“We shall not flag or fail. We shall go on to the end. We shall fight in France, we shall fight on the seas and oceans, we shall fight with growing confidence and growing strength in the air, we shall defend our island, whatever the cost may be, we shall fight on the beaches, we shall fight on the landing grounds, we shall fight in the fields and in the streets, we shall fight in the hills; we shall never surrender.”
The Telefontornet connecting some 5,000 phone lines in Stockholm, 1890.
In the late 19th century, shortly after the patent of the telephone, the race was on to connect everyone to the phone grid. However, due to technical limitations of the earliest phone lines, every telephone required its own physical line strung between a house or business to a phone exchange where the call was manually connected by a live operator. The somewhat quixotic result of so many individual lines was the construction of elaborate and unsightly towers that carried hundreds to thousands of phone lines through the air.
In Stockholm, Sweden, the central telephone exchange was the Telefontornet, a giant tower designed around 1890 that connected some 5,000 lines which sprawled in every direction across the city. Luckily, phone networks evolved so rapidly that by 1913 the Telefontornet was completely decommissioned in favor of much simpler technology. The remaining shell stood as a landmark until it too caught fire in 1953 and was torn down.
17. André Roussimoff
André Roussimoff (later known as the Giant) in Cannes, France, 1967.
As a wrestling fan, I obviously love him. My favorite thing he has done was falling asleep during a match.
18. Freedom 7 Capsule
Alan Shepard being recovered from the Freedom 7 capsule after the first American human spaceflight, May 5, 1961. Here’s one from another angle.
An unknown city in Chechnya under attack, mid-1990’s.
Four Marines recover the body of Marine fire team leader Leland Hammond as their company comes under fire near Hill 484. (1966)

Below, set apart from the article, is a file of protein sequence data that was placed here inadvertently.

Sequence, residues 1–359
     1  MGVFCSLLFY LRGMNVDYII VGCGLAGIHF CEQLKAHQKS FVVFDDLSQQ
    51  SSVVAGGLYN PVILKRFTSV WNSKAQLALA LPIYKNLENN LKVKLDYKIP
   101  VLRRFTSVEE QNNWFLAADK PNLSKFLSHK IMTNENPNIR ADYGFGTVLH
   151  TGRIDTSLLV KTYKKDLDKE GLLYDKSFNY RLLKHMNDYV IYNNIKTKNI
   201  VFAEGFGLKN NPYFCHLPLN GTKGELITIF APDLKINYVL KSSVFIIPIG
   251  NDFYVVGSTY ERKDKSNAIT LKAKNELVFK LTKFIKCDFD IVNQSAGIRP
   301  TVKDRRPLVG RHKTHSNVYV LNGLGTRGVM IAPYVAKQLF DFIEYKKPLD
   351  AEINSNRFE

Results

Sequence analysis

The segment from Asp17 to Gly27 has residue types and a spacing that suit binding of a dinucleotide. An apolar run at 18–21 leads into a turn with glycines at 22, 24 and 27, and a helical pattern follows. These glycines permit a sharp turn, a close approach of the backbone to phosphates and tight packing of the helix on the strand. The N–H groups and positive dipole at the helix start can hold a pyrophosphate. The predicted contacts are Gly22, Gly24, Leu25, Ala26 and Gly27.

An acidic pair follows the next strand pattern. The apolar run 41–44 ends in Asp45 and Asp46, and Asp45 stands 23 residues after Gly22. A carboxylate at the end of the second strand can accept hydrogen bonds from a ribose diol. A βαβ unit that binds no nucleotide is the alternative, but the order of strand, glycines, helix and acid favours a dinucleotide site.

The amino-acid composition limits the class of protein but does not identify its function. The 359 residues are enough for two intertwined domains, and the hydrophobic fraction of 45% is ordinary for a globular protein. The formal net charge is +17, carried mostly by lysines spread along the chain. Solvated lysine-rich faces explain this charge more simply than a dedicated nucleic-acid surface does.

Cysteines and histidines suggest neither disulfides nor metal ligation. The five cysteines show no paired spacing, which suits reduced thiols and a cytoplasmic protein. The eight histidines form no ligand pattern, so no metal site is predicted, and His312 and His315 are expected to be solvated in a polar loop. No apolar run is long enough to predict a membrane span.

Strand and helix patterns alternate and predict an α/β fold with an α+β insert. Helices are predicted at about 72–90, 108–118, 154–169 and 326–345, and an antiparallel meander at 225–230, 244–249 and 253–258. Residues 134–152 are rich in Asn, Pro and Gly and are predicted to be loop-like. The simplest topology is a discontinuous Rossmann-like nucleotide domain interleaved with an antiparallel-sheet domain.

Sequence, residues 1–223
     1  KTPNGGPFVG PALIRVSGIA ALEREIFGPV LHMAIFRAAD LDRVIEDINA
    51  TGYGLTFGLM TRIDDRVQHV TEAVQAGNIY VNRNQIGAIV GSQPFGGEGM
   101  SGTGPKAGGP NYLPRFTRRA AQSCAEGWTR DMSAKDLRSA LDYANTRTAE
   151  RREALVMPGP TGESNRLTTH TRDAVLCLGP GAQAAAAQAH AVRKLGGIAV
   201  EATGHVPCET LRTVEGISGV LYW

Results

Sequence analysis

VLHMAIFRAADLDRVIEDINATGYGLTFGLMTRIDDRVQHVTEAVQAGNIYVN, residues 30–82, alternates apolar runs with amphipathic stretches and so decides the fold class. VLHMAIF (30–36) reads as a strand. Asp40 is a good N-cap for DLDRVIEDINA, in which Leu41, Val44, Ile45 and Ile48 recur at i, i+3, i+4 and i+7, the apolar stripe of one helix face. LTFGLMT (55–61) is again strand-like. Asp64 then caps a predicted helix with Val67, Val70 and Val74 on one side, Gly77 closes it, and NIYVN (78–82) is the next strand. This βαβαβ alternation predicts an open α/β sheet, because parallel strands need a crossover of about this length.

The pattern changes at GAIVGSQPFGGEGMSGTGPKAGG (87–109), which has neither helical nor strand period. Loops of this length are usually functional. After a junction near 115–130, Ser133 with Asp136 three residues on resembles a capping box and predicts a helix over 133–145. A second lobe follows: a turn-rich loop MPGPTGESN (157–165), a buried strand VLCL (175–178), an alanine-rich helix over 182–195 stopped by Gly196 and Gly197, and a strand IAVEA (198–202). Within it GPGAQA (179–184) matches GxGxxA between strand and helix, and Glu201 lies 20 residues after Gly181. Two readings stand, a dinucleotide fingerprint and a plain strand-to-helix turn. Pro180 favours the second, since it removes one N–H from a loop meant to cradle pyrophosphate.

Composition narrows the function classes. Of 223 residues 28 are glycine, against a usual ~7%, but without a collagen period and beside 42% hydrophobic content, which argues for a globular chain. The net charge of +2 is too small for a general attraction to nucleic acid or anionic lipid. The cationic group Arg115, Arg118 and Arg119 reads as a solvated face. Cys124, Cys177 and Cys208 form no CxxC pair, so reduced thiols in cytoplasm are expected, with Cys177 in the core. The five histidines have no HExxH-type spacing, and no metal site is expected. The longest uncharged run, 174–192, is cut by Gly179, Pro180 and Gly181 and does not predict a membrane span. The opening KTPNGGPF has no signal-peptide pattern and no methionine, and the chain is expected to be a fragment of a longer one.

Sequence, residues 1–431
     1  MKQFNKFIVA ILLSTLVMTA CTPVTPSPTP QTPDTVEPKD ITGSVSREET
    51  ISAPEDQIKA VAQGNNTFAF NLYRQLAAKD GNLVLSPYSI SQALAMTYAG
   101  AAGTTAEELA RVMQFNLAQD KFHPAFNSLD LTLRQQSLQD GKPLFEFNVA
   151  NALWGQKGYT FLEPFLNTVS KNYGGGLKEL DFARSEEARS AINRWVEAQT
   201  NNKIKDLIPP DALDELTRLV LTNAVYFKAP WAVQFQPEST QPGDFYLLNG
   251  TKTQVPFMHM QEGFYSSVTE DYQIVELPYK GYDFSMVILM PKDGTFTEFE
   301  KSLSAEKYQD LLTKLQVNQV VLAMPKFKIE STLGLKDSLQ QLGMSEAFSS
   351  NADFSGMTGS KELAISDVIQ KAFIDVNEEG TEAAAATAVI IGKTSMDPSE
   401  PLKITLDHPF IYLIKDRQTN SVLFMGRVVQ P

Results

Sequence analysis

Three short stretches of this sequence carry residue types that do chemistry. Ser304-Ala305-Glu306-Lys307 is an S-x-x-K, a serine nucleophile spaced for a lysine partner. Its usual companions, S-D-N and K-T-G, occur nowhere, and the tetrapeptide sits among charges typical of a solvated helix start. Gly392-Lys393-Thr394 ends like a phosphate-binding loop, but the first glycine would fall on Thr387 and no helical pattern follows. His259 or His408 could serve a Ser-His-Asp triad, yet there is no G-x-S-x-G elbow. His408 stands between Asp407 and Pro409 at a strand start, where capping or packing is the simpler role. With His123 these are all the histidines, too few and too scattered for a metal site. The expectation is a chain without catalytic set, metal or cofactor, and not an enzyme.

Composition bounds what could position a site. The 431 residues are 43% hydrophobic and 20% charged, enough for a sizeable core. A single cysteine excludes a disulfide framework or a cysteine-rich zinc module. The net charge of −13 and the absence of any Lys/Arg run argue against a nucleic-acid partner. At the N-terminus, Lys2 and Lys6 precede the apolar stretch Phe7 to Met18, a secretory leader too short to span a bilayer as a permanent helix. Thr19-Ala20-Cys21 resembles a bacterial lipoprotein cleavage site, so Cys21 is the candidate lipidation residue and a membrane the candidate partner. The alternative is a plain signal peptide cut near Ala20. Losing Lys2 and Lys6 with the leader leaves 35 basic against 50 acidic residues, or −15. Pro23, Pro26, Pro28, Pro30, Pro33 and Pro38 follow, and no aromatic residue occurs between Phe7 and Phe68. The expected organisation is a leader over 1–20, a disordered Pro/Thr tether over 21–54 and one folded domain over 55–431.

They recalled lucidly the day the photograph was taken. It was Oct. 11, 1966, during a firefight near the southern edge of the Demilitarized Zone. Hoole’s 47-man platoon was ordered to sweep across an open rice paddy to help another squad pinned down by enemy gunfire. Hoole remembers yelling, “That’s suicide!” Indeed, as the platoon moved into the open, a machine gun opened up, killing the point man and wounding Leland Hammond, a card-playing 19-year-old lance corporal from Sumter, S.C. “We pulled his flak jacket off, and there was a hole in the left side of his chest,” recalls Jimenez, who was the first to reach Hammond. “I knew he had a collapsed lung so I slapped a bandage on and then started mouth-to-mouth. I could feel he was dying and I couldn’t figure out why. Later I realized that when he took the first round it spun him about and he got another under his right arm. He got it in both lungs. There was no saving him.” Hoole, Jimenez, O’Connor and Holloway dragged and carried Hammond’s body to a nearby medevac helicopter, as Hoole yelled for the rest of the platoon to fire back. As they carried Hammond, a deck of cards, with the dead Marine’s lucky ace of spades facing out, slipped from his pocket. The night before he had lost $6 to O’Connor. Jimenez remembers screaming at the photographer to get out of the hatchway. (The photographer, Larry Burrows of LIFE, spent nine years in Vietnam. He was killed when his plane was shot down in Laos in 1971.)
13: Tel Aviv is in Israel, not Palestine. The photo itself was taken after the establishment of the state of Israel which was on may 14th the same year. Before that, the area was known as the “British mandate of Palestine”.
Yes, you are right. I have made the required change.
Thank you for the great photos.